Lawsuit Accuses Google of Bias Against Black Employees

A former Google employee on Friday accused the company of systematically discriminating against black workers by placing them in lower-level jobs, paying them less and denying them opportunities to advance.

The lawsuit, filed in U.S. District Court for the Northern District of California in San Jose, seeks class-action status. The plaintiff is April Curley, who worked at Google from 2014 to 2020, when she was fired. While there, Ms. Curley has historically helped bring black employees into the company by designing recruitment programs from black colleges and universities.

“Google deliberately engages in a nationwide pattern or practice of racial discrimination and retaliation and maintains employment policies and practices that have a distinct effect on black workers across the United States,” the complaint states.

Google did not immediately respond to a request for comment on the lawsuit.

The lawsuit was settled out of court in the wake of a series of complaints from black employees over the years about working at Google. Although it has become one of the largest private employers in the United States, the company has struggled to increase racial and gender diversity in its workforce – especially among its high-paid engineering staff.

According to its 2021 Variety Report, 4.4 percent of Google’s U.S. employees were “black +”, including workers of more than one race, one of whom is black. That’s far below the national average of 9.1 percent for digital publishing and search companies, according to the Bureau of Labor Statistics.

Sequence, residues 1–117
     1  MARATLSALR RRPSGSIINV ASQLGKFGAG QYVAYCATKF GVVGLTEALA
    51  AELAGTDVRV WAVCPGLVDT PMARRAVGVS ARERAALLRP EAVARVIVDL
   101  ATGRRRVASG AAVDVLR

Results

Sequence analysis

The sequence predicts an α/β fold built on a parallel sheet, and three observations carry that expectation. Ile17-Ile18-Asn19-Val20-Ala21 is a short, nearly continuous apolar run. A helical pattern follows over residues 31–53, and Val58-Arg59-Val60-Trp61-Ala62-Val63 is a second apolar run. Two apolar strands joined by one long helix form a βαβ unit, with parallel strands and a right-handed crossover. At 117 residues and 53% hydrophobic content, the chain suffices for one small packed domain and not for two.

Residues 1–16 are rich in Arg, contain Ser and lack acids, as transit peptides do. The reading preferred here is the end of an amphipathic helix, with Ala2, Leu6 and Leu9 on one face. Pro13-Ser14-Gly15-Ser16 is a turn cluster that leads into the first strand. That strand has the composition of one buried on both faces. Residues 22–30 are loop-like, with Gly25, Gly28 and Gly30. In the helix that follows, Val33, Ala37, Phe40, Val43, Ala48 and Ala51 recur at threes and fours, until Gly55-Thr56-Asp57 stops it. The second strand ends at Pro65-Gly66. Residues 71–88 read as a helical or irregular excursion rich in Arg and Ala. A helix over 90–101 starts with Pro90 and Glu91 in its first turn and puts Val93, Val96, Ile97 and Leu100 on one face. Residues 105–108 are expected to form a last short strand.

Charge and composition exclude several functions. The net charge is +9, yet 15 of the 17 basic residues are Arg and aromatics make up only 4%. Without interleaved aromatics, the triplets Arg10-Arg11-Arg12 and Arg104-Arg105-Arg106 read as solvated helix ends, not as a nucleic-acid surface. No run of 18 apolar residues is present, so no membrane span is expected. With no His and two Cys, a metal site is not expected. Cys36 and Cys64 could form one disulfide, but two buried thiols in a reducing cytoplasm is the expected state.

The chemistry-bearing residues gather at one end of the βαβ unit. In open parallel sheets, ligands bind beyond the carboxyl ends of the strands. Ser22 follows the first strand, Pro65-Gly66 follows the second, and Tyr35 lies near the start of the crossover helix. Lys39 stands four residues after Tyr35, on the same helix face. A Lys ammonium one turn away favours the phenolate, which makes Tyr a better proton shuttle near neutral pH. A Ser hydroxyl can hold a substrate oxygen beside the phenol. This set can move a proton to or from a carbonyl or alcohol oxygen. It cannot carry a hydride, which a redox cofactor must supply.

The lawsuit alleges that Google systematically hired black employees at a lower job status than appropriate for their experience. As salaries were linked to job levels, this allowed the company to pay black employees less than their peers.

Qualified black candidates were often considered “googly” inadequate – an arbitrary designation that was a “dog whistle” for racial discrimination, the complaint said. He also said that the company deliberately “hugs” black job candidates with difficult questions so that they perform poorly in interviews, and accused Google of hiring black workers in low-wage and low-level jobs with low probability.

Ms. Curly also stated that she is subject to adverse work environments. During her six years at the company, she said, managers often referred to her as two other black female colleagues. She said she and her colleagues were not allowed to speak or be present during important meetings and that she felt humiliated and sexually harassed when a manager asked her which colleagues she wanted to sleep with.

The lawsuit alleges that Ms. Curly’s salary was slashed and she was reprimanded in 2019 for speaking at team meetings and challenging internal practices. A year later, the company hired Ms. Curly on the Performance Improvement Plan, and she ended her employment in September 2020.

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